Mr. Lucky and I went out for a late lunch at an all-you-can-eat pizza buffet that was practically deserted—save for another couple on the far side of the room. We sat at a table across from each other. I’ve never counted the tables and chairs or checked the Maximum Occupancy sign, but the entire establishment can seat over a hundred patrons at once.
After a while, the other couple got up and left. Then an average-looking fortyish man in a baseball cap came in, affably chatting with the cashier while Mr. Lucky got up to load another plate at the buffet, and I remained at our table.
I didn’t notice anything unusual going on until we got up to leave some time later. Imagine my surprise to see that man sitting in the chair directly behind mine, dunking his bread stick into a bowl of marinara sauce.
Had I pushed my chair back just another couple of inches, it would have smacked into his or worse, we’d have an embarrassment of tangled legs—chair legs, chair legs! As it was, I wondered how I hadn’t even been aware that he’d sat down behind me. Neurotic, mistrustful creature that I am, I’m usually very sensitive about my sacred space and who dares to hover along its extensive periphery. He must have been very stealthy about it.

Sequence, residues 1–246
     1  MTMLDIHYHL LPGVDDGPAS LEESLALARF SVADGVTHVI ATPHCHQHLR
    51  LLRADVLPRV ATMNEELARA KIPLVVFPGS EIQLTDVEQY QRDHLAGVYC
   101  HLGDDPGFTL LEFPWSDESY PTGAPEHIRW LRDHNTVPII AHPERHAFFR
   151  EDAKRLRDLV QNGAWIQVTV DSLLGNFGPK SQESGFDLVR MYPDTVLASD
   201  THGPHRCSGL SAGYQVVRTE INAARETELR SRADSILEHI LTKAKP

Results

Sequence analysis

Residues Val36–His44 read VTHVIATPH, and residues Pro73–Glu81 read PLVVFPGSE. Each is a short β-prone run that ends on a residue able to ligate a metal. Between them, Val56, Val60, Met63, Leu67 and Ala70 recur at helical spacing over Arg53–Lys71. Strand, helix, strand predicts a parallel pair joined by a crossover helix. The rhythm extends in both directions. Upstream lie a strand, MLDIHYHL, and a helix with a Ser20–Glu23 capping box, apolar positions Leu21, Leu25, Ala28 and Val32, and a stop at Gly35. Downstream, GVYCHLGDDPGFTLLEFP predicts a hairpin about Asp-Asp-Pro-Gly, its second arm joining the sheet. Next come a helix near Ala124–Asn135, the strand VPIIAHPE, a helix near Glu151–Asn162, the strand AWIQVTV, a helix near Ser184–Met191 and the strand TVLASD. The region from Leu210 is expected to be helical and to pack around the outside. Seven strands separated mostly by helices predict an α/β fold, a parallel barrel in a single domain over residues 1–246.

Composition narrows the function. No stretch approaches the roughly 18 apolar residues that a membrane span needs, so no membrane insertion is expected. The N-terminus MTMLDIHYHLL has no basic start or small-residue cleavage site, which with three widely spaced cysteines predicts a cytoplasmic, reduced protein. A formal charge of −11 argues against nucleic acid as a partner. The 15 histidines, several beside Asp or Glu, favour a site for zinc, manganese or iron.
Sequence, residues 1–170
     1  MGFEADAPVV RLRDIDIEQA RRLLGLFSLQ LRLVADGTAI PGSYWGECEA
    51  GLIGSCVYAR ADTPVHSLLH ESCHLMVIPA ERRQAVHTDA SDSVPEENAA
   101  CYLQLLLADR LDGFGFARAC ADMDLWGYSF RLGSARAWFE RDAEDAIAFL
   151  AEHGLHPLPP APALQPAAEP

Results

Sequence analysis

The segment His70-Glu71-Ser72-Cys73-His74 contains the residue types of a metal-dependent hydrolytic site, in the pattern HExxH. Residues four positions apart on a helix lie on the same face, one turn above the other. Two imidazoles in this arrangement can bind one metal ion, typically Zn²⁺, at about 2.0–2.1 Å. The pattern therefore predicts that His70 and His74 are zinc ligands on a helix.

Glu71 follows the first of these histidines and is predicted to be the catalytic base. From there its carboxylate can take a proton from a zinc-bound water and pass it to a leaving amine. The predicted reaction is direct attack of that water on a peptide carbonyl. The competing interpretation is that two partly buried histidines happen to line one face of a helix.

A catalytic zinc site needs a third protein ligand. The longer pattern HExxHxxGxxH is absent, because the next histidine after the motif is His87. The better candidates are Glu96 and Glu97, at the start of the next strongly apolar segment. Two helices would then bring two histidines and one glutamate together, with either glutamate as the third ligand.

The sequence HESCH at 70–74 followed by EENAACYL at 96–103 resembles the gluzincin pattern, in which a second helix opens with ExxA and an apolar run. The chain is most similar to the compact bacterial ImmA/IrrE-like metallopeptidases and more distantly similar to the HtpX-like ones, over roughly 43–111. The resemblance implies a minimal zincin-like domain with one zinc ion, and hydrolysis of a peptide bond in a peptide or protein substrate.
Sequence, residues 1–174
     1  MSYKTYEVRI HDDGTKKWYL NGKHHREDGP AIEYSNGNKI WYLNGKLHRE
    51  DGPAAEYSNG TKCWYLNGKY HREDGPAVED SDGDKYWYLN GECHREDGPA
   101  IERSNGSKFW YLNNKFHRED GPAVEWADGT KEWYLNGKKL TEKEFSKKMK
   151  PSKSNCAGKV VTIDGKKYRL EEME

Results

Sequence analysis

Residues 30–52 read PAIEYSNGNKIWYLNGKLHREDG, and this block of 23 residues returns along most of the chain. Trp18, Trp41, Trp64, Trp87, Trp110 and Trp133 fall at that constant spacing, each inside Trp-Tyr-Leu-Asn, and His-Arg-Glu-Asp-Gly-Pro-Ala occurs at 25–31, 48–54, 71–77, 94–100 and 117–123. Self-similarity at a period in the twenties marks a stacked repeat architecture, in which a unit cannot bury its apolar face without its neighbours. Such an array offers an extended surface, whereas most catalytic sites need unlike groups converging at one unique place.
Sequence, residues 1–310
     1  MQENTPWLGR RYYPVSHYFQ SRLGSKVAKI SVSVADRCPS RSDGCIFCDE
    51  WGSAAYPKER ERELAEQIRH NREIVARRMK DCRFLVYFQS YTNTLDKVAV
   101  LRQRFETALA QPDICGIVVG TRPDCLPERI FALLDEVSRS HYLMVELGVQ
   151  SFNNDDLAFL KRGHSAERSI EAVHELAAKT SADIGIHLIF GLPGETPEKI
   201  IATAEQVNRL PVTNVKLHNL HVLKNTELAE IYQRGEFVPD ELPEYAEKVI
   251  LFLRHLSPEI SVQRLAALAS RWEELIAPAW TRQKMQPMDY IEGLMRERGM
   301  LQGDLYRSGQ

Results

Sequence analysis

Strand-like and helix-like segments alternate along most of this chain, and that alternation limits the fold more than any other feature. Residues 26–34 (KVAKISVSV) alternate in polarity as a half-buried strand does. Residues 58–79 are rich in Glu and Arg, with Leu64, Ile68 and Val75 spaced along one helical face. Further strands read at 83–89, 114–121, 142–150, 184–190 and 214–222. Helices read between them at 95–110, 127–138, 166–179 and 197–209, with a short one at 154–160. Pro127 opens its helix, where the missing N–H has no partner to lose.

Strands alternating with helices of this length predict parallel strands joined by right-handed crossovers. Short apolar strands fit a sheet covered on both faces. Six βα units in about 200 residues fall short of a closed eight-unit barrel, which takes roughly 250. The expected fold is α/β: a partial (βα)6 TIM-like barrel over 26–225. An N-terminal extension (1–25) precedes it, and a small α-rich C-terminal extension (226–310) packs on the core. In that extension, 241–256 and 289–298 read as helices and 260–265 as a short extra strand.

And why did he choose to sit there of all places, when there were more than a hundred other places he could have sat—some of them closer to the buffet, others closer to the televisions, still others near the restrooms and emergency exits.
At the very least, why didn’t he sit on the other side of the table behind me?
I’m not one of those women who slings her purse over the back of her chair—I keep it between my feet with the strap over one knee—so I don’t think he was after the purse.
Even Mr. Lucky was initially baffled when he returned to our table and saw this man’s back only inches from mine, but he said nothing until after we left. No doubt he knew it would freak me out if I’d been aware of this bewildering development, and he’d just sat down with a plate piled high with slices of pizza that he meant to enjoy.
By the time we reached our car, Mr. Lucky thought he knew what that man was up to: “He saw you sitting there alone, so he assumed you were single and saw an opportunity. He was probably hoping to hit on you.”
It wasn’t until we got home that I finally managed to stop laughing at such a preposterous notion. So the guy was scheming to pull the old and thoroughly pitiful, “Excuse me, but could I borrow your salt shaker?” stunt.
Next he’d ask to borrow the pepper, followed by a request for a few napkins and a painfully obvious, totally lame, “So you like pepperoni, huh? Everyone seems to like pepperoni, why is that?”, and if all went according to his tired, worn out, dog-eared, grease-spotted script, I would soon tell him how silly it was for us to keep chitchatting over our shoulders, and invite him to join me at my table.
But for the return of my husband.
Honestly, I didn’t think I looked that desperate. Pathetic, maybe.